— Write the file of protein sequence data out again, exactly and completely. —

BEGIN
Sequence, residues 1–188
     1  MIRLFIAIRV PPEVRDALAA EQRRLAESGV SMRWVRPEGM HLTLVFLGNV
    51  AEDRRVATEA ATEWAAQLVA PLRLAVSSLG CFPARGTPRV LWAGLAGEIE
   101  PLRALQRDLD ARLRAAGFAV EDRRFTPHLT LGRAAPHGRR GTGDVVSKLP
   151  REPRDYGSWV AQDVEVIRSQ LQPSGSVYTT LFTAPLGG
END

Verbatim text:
Sequence, residues 1–188
     1  MIRLFIAIRV PPEVRDALAA EQRRLAESGV SMRWVRPEGM HLTLVFLGNV
    51  AEDRRVATEA ATEWAAQLVA PLRLAVSSLG CFPARGTPRV LWAGLAGEIE
   101  PLRALQRDLD ARLRAAGFAV EDRRFTPHLT LGRAAPHGRR GTGDVVSKLP
   151  REPRDYGSWV AQDVEVIRSQ LQPSGSVYTT LFTAPLGG